The National University of Ireland, Maynooth has its origins in the Royal College of St Patrick, which was founded in 1795 to educate priests.
However, the institution was only formally established as an autonomous university in 1997, as a result of the Universities Act, making it both one of Ireland’s oldest and youngest higher education institutions. In 1896, NUI Maynooth became a Pontifical University before becoming a Recognised College of the National University of Ireland in 1910.
Commonly known as Maynooth University, the institution’s main base is divided into a North Campus and a South Campus. The two are separated by a main road.
The South Campus is also known as the “old” campus, and is home to Maynooth’s more historic buildings, including the chapel, the National Science Museum, and Maynooth Castle. The North - or “new” – Campus was developed in the 20th century and houses the sports centre, student residences, the students’ union building, and a number of academic buildings.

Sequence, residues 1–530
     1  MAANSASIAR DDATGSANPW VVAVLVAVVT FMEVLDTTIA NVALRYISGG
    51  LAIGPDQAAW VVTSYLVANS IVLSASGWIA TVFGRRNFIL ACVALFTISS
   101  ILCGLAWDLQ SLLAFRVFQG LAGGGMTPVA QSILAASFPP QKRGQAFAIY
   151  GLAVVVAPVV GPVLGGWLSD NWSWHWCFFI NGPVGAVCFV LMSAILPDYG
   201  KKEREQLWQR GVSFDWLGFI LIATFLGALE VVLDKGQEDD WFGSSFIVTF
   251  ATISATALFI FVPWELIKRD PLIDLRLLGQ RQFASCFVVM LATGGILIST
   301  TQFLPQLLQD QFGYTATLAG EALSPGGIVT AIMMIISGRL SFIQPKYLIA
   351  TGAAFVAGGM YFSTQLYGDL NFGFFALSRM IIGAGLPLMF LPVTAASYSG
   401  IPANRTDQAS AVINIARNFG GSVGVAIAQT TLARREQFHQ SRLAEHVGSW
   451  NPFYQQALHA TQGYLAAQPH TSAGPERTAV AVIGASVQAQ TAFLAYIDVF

Maynooth University also has a small campus located in Kilkenny, which was set up in 1997 and is based at St. Kieran's College. The university is divided into three faculties: Science and Engineering; Arts, Celtic Studies and Philosophy; Social Sciences.
Alumni of NUI Maynooth include the playwright and author Brian Friel, broadcaster Craig Doyle, Nobel laureate John Hume, former Irish minister for social and family affairs Mary Hanafin, and 1996 Eurovision Song Contest winner Eimear Quinn.
The university has the highest proportion of mature students (16 per cent) and access students (22 per cent) of any university in Ireland.